Replication and Translation of epigenetic Information.

Methyl-cytosine binding proteins (MeCPs) play a central role in the mediation of epigenetic effects. They bind to methylated sites in the DNA, recruit histone deacetylases (HDACs), which may then cause chromatin condensation and transcriptional silencing. Here, we want to investigate the re-establishment of chromatin structures (duplication of epigenetic information) on the newly synthesized DNA after replication and repair of DNA damage. Moreover, we will determine the turnover and interaction of MeCPs with chromatin, compare it with other chromatin factors and test its dependency and impact on DNA and histone modifications. We have recently reported that the expression level of MeCP2 and other MBDs, has a profound effect on the spatial organization of the genome in living cells and changes throughout differentiation. This effect is mediated by the MBD and Rett patient mutations reduce the ability of MeCP2 to reorganize chromatin. We will investigate whether this chromatin reorganization plays a role in the loss of pluripotency and/or the stability of the differentiated state. Finally, we will analyze whether interaction of MeCPs with other proteins, e.g., heterochromatin binding proteins, promotes heterochromatin aggregation and the formation of silencing compartments during differentiation. These studies should help elucidating how MeCPs mediate and regulate epigenetic effects.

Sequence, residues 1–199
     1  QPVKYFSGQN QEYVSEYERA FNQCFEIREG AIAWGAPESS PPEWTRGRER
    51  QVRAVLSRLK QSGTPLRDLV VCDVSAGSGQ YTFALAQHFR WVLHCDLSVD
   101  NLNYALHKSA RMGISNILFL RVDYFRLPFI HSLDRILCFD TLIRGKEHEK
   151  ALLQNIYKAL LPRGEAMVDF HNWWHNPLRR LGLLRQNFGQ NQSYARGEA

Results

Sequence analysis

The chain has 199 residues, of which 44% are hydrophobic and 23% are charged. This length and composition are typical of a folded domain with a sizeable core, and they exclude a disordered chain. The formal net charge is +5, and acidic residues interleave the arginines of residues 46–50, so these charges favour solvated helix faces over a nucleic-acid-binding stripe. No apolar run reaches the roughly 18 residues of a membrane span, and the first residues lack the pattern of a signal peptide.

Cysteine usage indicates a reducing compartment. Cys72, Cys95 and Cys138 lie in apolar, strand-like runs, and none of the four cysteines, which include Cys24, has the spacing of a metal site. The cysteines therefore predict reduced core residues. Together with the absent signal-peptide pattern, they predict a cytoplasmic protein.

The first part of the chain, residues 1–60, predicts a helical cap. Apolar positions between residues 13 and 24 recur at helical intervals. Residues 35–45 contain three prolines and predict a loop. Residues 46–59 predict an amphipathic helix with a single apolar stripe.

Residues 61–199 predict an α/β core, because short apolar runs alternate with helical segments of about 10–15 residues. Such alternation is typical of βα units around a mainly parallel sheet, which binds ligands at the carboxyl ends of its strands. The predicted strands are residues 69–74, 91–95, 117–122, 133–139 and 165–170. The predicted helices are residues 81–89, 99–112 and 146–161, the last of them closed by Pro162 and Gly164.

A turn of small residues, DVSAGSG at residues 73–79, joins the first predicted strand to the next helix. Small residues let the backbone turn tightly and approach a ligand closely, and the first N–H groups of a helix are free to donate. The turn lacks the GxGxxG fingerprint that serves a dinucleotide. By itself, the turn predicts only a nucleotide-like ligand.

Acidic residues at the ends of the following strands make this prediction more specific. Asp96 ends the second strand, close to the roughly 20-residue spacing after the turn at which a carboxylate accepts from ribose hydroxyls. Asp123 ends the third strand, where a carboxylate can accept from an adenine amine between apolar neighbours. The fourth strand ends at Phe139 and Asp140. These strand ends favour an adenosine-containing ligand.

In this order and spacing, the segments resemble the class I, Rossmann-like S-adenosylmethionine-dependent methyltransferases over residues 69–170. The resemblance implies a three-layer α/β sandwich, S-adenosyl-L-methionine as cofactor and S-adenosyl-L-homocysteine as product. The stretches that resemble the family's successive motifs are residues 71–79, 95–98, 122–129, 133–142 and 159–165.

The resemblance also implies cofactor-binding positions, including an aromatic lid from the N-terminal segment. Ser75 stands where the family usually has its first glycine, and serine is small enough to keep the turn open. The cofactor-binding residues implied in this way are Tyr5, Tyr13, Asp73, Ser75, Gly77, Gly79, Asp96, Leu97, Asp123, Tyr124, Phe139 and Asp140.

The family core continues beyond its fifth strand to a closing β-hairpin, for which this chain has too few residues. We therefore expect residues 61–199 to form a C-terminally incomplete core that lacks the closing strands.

Domain: Methyl-CpG-binding proteins, Live-cell microscopy
Involved in the project: Noopur Agarwal, PhD student
Annette Becker, PhD student
Dr. Alessandro Brero


Easwaran et al. (2004) EMBO Rep 5: 1181–1186.
Easwaran et al. (2005) Cell Cycle 4: 53-55.
Brero et al. (2005) J Cell Biol 169: 733-743.
Brero et al. (2006) CTMI 301: 21-44.
Agarwal et al. (2007) Nucl Acids Res 35: 5402-5408.
Grünwald et al. (2008) Biophys J 94: 2847-2858.


M. Cristina Cardoso, PhD
Technische Universität Darmstadt
Building B203 2nd floor
Schnittspahnstr. 10
64287 Darmstadt, Germany

Phone: +49-6151-162377
Fax: +49-6151-162375